Author: Lynne Truss, 2003.
Genre: Humour. Non-fiction. Language.
Other Details: Paperback. 2006 Edition with Punctuation Repair Kit. 306 pages.
Subtitled 'The Zero Tolerance Approach to Punctuation', this is a playful exploration of English punctuation as well as a comic rant on various crimes against punctuation. Although not a guide as such, each chapter does offer a discussion of the history and use of various punctuation marks. She also does note the different conventions in punctuation usage between UK English and USA English.
Although a light-hearted book, it does seem to have caused a few folk to get their knickers in a twist; perhaps due to their failing to take on board Truss' wit and her ability to mock her desire to correct signage that is punctuated incorrectly. My edition contains a 'Free Punctuation Repair Kit' including the delightful 'The Panda says No!' stickers. As the WWF has known since its inception in 1961, pandas have appeal.
Who could hate a book with this panda bear in it?
Truss does freely state that the conventions of grammar and punctuation are always changing, as befits a living language. She may be a self-proclaimed stickler but she is also clearly a realist. So while the book has been associated with 'grammar bullies', its tone does not reflect that. Although a work of humour, it has inspired a few parodies/critiques that have taken inspiration from its quirky title, which refers to the Panda joke reproduced for those who may not know it below the cut.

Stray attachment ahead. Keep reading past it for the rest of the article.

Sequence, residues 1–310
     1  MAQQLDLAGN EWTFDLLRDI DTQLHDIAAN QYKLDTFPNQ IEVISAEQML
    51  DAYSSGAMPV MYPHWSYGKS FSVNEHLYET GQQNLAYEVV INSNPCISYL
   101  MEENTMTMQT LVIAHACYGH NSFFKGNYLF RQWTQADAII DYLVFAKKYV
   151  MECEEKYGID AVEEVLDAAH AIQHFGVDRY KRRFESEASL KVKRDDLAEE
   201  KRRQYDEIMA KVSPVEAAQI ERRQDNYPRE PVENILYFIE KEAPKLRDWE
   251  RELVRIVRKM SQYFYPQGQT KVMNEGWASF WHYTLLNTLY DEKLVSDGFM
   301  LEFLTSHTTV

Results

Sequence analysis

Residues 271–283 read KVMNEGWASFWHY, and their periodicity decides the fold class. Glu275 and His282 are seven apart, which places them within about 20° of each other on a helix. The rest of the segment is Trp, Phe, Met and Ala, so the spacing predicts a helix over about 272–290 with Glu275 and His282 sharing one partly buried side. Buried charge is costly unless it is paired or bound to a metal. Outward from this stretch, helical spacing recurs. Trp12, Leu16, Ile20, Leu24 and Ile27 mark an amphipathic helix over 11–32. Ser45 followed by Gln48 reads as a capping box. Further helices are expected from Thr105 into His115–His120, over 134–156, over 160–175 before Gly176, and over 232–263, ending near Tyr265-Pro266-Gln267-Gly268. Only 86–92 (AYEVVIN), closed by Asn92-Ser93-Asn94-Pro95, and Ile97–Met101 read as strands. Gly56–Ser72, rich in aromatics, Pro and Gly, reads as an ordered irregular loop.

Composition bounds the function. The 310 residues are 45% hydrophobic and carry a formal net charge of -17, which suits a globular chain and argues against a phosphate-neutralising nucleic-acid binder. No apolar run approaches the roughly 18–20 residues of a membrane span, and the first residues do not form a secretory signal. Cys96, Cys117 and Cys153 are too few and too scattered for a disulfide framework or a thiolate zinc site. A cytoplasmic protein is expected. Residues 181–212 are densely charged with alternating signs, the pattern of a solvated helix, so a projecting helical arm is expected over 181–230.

From the back blurb of 'Eats, Shoots & Leaves' -
A panda walks into a café. He orders a sandwich, eats it, then draws a gun and proceeds to fire it at the other patrons.
'Why?' asks the confused, surviving waiter amidst the carnage, as the panda makes towards the exit. The panda produces a badly punctuated wildlife manual and tosses it over his shoulder.
'Well, I'm a panda,' he says, at the door. 'Look it up.'
The waiter turns to the relevant entry in the manual and, sure enough, finds an explanation. 'Panda. Large black-and-white bear-like mammal, native to China. Eats, shoots and leaves.'
This has been a fun and informative book that I have carried around with me for the last couple of months to fill in those odd moments and found it perfect to dip into.
Lynne Truss on 'Eats, Shoots & Leaves' - on how she came to write it.
In December 2006 The Guardian Book Club featured Eats, Shoots & Leaves. Below are the related articles:
Comma Chameleon - 16 December 2006.
Podcast with Lynne Truss - 21 December 2006 - includes Q&A with readers.
Dash ist gut! - punctuation is an art - 23 December 2006.
Late addictions - Lynne Truss on finding new material after publication- 30 December 2006
Beauty Marks - Book Club responses - 6 January 2007
Punctuation is no place for zero tolerance - David Crystal - The Guardian
Author takes on the Queen of Commas - on Crystal vs Truss.